Sorry to anyone offended by my actions or tone.
WDC and the other regions of NEDiv have all compromised slightly to publish a standardized set of specifications for SSM. If you comply, you can race in any race series in NEDiv.
WDC however, does have a set of Administrative Rules which apply mostly to the sealing process. The drivers in WDC voted to have the sealing mandatory, and as a result we have some of the best racing in the country.
I started working with NASA to hopefully extend this consistent set of rules to all of NASA. NASA National wanted to eliminate the sealing process, and since NASA Mid-Atlantic has a dyno at every event I didn't see that as a problem. I lobbied to eliminate the 99+ shock hats, but lost that argument. They blindsided me with the fuel pressure regulator and the steering rack shims. Totally contrary to the SSM philosophy. However, we have a great group of competitors in NASA Mid-Atlantic and we have a gentlemen's agreement to not use any of those modifications. Also the 106 HP limit in NASA makes a WDC SCCA sealed car equally competitive, and I'm sure of that since I've had my SSM on the NASA dyno many times.
The result is that we have all of SCCA NEDiv and NASA Mid-Atlantic with a set of SSM rules that allow easy cross-over with no competitive disadvantages. Equalizing two different cars (90-93 and 94-97) is next to impossible. In WDC during the sealing process for a 1.8L car we check HP (there is no limit but we know what to expect) and we check the A/F ratio to insure that no tampering has been done. A 1.8L car is at a slight disadvantage due to minimum weight, especially in longer races. 1.8L cars have finished in the top 5 at Summit Point, but none has ever won a race. And yes, I wish the 1.8L was not in the ruleset, but no, I will not attempt to eliminate the car as long as anyone chooses to compete with it.
The WDC SCCA MARRS SSM program has one of the highest car counts of any class in the nation. You are all welcome to come participate in some of the best racing anywhere. If you get hooked however, and want to continue coming back, we require that you follow our Administrative Rules and be sealed, thus insuring that your car does not have a competitive advantage within the group.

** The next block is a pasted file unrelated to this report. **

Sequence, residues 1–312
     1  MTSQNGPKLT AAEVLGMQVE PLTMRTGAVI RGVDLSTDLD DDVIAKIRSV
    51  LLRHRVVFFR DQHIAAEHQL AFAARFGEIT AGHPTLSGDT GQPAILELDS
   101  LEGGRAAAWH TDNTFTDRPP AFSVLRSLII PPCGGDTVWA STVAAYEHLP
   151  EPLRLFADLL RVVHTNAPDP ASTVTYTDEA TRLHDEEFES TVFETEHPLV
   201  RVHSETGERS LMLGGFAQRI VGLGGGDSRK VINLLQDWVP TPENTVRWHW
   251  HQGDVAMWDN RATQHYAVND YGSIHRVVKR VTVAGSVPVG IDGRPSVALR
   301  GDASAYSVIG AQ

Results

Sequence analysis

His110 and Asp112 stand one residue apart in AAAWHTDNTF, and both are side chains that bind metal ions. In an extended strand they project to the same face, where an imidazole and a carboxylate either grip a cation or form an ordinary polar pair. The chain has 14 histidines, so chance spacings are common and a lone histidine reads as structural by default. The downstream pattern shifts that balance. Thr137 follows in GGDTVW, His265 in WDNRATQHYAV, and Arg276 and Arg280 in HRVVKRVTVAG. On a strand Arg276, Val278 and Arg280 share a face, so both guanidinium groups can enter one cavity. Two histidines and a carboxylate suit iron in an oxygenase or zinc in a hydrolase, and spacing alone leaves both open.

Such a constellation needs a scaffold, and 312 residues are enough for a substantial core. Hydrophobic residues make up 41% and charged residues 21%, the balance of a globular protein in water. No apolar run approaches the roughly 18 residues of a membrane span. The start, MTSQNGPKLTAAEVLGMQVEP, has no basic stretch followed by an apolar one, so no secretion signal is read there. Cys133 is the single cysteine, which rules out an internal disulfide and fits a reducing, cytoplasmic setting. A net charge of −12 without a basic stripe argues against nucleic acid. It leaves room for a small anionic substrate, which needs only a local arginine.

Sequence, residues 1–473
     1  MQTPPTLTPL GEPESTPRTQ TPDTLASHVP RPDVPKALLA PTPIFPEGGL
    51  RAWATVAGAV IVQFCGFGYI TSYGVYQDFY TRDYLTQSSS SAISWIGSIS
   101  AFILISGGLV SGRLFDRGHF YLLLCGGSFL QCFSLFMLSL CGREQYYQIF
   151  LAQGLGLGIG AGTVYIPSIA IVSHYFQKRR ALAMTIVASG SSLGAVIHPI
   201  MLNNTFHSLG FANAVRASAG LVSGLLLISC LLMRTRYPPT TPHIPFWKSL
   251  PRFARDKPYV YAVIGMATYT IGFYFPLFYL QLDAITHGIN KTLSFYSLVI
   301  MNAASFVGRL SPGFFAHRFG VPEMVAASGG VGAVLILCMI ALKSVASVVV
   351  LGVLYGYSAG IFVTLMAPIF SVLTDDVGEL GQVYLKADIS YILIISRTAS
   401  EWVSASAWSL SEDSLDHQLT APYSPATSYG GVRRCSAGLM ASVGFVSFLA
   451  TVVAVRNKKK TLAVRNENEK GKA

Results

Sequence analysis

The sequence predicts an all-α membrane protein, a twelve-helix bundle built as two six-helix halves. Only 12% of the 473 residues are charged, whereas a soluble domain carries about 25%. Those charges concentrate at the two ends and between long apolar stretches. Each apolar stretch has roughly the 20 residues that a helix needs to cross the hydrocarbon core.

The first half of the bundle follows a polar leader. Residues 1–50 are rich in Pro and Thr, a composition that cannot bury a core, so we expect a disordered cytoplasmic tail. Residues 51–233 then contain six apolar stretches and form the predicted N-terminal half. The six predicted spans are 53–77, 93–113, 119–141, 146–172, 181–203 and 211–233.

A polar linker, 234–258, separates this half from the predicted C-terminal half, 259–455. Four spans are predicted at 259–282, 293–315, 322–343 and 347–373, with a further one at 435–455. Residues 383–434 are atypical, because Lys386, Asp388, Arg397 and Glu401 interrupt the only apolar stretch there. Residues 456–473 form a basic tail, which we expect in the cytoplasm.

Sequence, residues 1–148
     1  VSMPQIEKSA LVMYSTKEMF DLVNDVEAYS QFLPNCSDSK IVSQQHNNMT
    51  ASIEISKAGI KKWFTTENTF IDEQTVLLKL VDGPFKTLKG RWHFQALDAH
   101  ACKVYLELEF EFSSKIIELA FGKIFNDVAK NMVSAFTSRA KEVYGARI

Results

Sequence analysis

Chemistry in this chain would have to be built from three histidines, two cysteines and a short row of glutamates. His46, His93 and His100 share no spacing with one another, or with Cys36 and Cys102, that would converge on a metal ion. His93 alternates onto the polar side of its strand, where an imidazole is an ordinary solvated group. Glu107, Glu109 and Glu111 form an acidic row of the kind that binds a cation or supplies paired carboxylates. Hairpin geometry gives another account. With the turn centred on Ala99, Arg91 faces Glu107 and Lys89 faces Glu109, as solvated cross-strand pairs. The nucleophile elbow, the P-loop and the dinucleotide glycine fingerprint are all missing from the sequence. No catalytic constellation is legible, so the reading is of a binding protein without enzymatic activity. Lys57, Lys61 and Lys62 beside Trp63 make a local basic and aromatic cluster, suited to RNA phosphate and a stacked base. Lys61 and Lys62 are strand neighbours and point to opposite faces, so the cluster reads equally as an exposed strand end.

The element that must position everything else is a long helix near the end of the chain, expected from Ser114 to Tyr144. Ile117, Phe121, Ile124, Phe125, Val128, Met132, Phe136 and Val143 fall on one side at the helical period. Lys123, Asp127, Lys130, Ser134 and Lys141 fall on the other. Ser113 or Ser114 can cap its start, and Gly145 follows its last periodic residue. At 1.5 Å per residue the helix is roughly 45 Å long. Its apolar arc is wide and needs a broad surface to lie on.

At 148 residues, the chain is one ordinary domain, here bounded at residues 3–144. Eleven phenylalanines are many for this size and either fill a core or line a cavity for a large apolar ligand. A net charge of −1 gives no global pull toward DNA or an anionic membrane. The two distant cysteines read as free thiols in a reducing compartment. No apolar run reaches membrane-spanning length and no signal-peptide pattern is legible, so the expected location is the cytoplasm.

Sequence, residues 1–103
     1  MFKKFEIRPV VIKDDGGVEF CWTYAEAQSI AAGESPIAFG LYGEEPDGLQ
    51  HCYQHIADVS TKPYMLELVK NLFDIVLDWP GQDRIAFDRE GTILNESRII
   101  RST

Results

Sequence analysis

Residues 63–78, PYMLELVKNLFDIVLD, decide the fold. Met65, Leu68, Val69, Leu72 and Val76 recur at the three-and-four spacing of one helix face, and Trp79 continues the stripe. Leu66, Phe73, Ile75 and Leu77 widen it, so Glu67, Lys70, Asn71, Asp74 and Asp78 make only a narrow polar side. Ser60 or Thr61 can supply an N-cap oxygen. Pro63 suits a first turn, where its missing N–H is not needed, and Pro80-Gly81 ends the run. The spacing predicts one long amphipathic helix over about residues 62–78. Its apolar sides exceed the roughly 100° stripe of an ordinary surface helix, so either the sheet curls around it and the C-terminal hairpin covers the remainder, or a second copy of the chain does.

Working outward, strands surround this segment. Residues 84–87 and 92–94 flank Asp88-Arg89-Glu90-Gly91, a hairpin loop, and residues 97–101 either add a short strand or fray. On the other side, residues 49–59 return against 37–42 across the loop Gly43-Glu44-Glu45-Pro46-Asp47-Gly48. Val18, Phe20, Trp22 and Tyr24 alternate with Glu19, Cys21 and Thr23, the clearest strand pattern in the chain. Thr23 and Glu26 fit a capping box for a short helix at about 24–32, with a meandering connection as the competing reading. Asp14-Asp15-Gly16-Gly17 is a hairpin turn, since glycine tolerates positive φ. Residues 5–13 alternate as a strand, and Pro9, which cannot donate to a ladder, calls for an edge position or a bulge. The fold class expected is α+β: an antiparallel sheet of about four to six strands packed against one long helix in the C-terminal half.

Both WDC MARRS and NASA Mid-Atlantic are great places to race. I plan on racing with both this season.
Thank you Jim for a cordial reply. I went back and re-read what I wrote and realized I came off rather combative. Sorry for that.
Not to beat a dead horse (but here goes): what specifically is it about the shock hats & R-pack tie rod ends + shims that you feel is anathema to the class (SSM)? I can understand the desire to keep costs down by disallowing expensive experimentation ($200 spark plug wires anyone?) but both of these mods I don't think fall outside of your ideal for the class.
Someone else remarked about having an on-track incident causing you to come into inpound post-race illegal (ride height I believe was the measurement/tech item) so how can specifying maximum negative camber not be considered a similar rule?
Or is it a case of the shock hats ('99s or FC's) allowing a lower ride height, then the R-pack tie rods are needed to get steering angles right, and now with the lower ride height you can run more negative camber?
This may be my naiveté coming out (due to my lack of actual racing experience) but I don't see keep these mods out of SSM as being beneficial to the class as a whole. If you allow these two/three mods into SSM you have a greater chance of those currently running SM to easily play in this class (exhaust & intake swap).
This is where I see opportunity for more participants provided a slightly greater allowance exists and how that cannot be good for the class I don't know...
Look forward to your thoughts/reply.